November 27, 2018
A man sooner or later discovers that he is the master-gardener of his soul, the director of his life.
I am finding that I appreciate each day more these days. It gets a little harder to do somethings then in the past but when I do them I appreciate the accomplishment more. When I look at each day and it’s parts I find that I can improve the day by just doing what needs to be done and using what is left as the opportunity not only to do what I must do but also to do what I want to do.
I recently read the following offering on how we all can improve our days. It reminded me again that the quality of each day is up to me. I hope you find it to be as worthy as I do.
The Art of Living Each Day
Author: Wilferd A. Peterson
Each day is a lifetime in miniature.
To awaken each morning is to be born again, to fall asleep at night is to die to the day.
In between waking and sleeping are the golden hours of the day. What we cannot do for a lifetime we can do for a daytime.
Anyone can hold their temper for a day and guard the words they speak.
Anyone can carry his burden heroically for one day.
Anyone can strive to be happy for a day and to spread happiness around.
Anyone can radiate love for a day.
Anyone can rise above fear for a day and meet each new situation with courage.
Anyone can be kind and thoughtful and considerate for a day.
Anyone can endeavor to learn something new each day and mark some growth.
The supreme art of living is to strive to live each day well.
When we fail and fall short, let us forgive ourselves and consider the words of Emerson: “Finish every day and be done with it. You have done what you could; some blunders and absurdities have crept in; forget them as soon as you can. Tomorrow is a new day; you will begin it well and serenely and with too high a spirit to be cumbered by your old nonsense.”
Live a day at a time and remember that tomorrow is another today.
All the art of living lies in a fine mingling of letting go and holding on.
A wise schoolteacher sends this note to all parents on the first day of school: “If you promise not to believe everything your child says happens at school, I’ll promise not to believe everything he says happens at home.
Judy has the answer; this is what she sent us:
My face in the mirror
Isn’t wrinkled or drawn.
My house isn’t dirty.
The cobwebs are gone.
My garden looks lovely
And so does my lawn.
I think I might never
Put my glasses back on.
You know, if my wife wasn’t so hung up on this faithfulness thing, she’d probably say you were my cutest girlfriend yet.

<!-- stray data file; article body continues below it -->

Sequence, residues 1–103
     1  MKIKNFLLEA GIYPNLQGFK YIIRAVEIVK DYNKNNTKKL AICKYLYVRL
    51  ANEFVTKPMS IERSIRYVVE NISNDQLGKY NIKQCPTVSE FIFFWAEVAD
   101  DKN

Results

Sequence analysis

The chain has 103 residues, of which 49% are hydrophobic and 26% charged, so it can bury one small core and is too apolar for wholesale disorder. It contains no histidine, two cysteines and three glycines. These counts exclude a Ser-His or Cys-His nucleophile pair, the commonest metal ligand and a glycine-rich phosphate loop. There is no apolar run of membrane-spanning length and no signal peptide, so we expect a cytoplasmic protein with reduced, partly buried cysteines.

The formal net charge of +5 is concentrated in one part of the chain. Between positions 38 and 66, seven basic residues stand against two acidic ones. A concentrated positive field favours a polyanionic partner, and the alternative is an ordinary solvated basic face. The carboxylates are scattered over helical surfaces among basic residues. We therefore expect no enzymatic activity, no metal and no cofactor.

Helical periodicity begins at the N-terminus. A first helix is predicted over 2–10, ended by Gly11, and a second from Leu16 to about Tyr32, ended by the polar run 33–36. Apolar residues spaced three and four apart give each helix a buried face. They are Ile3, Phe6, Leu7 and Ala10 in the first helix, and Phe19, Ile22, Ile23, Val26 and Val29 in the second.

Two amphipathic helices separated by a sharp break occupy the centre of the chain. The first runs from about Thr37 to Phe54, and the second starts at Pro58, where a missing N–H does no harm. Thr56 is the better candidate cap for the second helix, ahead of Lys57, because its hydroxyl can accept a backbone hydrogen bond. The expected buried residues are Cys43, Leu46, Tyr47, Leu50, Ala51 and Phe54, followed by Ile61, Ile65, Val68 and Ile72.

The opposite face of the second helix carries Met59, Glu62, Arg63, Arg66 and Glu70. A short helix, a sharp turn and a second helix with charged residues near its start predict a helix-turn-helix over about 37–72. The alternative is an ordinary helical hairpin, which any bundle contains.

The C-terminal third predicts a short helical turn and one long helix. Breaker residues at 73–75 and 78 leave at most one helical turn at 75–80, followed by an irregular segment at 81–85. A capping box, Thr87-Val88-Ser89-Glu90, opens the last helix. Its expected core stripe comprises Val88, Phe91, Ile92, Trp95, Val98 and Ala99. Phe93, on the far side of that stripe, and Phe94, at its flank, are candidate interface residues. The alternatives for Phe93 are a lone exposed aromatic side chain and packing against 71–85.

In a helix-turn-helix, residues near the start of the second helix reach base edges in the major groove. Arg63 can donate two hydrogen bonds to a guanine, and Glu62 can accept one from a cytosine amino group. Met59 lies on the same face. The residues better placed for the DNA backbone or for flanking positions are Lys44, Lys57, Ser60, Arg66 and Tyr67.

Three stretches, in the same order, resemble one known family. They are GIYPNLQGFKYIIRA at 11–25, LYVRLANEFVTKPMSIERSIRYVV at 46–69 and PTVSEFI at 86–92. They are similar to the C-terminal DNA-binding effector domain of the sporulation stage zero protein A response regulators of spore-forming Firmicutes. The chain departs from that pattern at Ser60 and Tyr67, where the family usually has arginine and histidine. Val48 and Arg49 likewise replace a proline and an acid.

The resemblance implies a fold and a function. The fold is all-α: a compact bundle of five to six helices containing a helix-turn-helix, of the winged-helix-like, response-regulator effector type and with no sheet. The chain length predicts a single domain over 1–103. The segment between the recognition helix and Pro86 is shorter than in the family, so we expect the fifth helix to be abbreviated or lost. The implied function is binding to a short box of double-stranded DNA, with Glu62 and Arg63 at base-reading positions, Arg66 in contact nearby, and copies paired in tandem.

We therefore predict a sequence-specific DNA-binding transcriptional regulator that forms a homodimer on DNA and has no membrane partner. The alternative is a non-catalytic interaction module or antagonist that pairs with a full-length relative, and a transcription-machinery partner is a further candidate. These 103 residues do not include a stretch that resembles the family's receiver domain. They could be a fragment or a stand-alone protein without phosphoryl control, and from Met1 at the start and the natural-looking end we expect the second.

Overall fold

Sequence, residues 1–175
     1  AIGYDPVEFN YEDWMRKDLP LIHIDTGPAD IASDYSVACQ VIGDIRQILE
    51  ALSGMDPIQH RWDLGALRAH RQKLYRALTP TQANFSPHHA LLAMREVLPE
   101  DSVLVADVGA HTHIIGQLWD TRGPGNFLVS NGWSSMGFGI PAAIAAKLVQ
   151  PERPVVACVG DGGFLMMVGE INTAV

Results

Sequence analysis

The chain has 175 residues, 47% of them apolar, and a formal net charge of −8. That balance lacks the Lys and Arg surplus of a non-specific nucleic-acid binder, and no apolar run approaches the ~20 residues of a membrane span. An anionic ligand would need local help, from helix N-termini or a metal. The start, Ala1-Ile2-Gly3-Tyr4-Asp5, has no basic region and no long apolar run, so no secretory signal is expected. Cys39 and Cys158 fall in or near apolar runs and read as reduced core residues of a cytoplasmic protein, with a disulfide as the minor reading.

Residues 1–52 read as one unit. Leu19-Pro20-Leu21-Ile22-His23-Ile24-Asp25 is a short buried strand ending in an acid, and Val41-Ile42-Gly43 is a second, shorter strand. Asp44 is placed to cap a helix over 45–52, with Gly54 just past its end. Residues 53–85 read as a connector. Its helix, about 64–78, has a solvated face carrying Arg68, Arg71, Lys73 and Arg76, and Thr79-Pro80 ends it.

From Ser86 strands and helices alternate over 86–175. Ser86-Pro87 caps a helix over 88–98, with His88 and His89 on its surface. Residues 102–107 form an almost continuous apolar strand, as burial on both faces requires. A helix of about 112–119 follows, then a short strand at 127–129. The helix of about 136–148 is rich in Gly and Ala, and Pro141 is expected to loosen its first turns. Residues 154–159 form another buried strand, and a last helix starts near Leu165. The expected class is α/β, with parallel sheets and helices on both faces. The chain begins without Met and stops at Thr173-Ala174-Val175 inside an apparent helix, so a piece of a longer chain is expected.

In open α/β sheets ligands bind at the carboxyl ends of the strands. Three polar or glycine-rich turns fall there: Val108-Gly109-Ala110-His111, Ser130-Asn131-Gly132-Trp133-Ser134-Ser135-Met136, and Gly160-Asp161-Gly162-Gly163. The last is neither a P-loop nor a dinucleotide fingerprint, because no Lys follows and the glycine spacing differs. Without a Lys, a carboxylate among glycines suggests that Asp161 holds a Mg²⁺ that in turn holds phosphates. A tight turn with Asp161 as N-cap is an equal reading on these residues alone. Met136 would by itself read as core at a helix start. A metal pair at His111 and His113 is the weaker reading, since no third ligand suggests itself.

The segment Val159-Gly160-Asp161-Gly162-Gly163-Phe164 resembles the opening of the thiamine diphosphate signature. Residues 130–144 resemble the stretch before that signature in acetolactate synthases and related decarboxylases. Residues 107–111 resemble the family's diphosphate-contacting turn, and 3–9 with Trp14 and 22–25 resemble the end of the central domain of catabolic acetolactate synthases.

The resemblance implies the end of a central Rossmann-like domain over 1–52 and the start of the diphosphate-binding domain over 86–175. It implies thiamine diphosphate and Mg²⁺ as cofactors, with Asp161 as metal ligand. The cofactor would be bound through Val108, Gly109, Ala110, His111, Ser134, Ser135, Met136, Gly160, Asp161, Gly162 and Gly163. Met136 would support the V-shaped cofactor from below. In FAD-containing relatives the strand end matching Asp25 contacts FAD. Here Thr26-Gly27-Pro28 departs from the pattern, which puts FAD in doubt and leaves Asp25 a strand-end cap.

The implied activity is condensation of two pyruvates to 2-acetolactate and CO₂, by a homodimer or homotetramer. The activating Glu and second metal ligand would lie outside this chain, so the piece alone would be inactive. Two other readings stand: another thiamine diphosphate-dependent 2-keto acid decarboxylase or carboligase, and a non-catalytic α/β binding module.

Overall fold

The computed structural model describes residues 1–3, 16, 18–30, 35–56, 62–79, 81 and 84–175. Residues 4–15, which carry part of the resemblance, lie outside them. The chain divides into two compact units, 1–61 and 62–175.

Martha Stewart did not dine with us this Thanksgiving. Since Ms. Stewart did not come, we made a few small changes:
Our sidewalk was not lined with homemade, paper bag luminaries. After a trial run, it was decided that no matter how cleverly done, rows of flaming lunch sacks do not have the desired welcoming effect.
The dining table was not covered with expensive linens, fancy china or crystal goblets. We used dishes that match and everyone got a fork. Since it was Thanksgiving, we did not use the plastic Peter Rabbit plate and the Santa napkins from last Christmas.
Our centerpiece was not the tower of fresh fruit and flowers that I promised. Instead we displayed a hedgehog-like decoration hand-crafted from the finest construction paper. The artist assured me it was a turkey.
We dined fashionably late. The children will entertained you while everyone waited. They shared every choice comment I made regarding Thanksgiving, pilgrims and the turkey hotline. Please remember that most of these comments were made at 5:00 AM upon discovering that the turkey was still hard enough to cut diamonds. As accompaniment to the children’s recital, I played a recording of tribal drumming. If the children mentioned that I don’t own a recording of tribal drumming, or that tribal drumming sounds suspiciously like a frozen turkey in a clothes dryer, ignore them. They are lying.
We toyed with the idea of ringing a dainty silver bell to announce the start of our feast. In the end, we chose to keep our traditional method. We’ve also decided against a formal seating arrangement. When the smoke alarm sounded, everyone gathered around the table and sat where they liked. In the spirit of harmony, we did ask the children to sit at a separate table. In a separate room. Next door.
Now I know you have all seen pictures of one person carving a turkey in front of a crowd of appreciative onlookers. This did not happen at our dinner. For safety reasons, the turkey was carved in a private ceremony. I stress “private” meaning: No one, under any circumstances was allowed to enter the kitchen and laugh at me. I used an electric knife. The turkey was unarmed. It stands to reason that I would eventually win. When I did, we ate.
Instead of offering a choice between 12 different scrumptious desserts, we served a traditional pumpkin pie, garnished with whipped cream and small fingerprints.
Martha Stewart did not dine with us this Thanksgiving. She probably won’t come next year either.
I am thankful.
“Don’t be too hard on yourself. There are plenty of people willing to do that for you. Love yourself and be proud of everything that you do. Even mistakes mean you’re trying.”
Management is not responsible for duplicates from previous dailies. The editor is somewhat senile.
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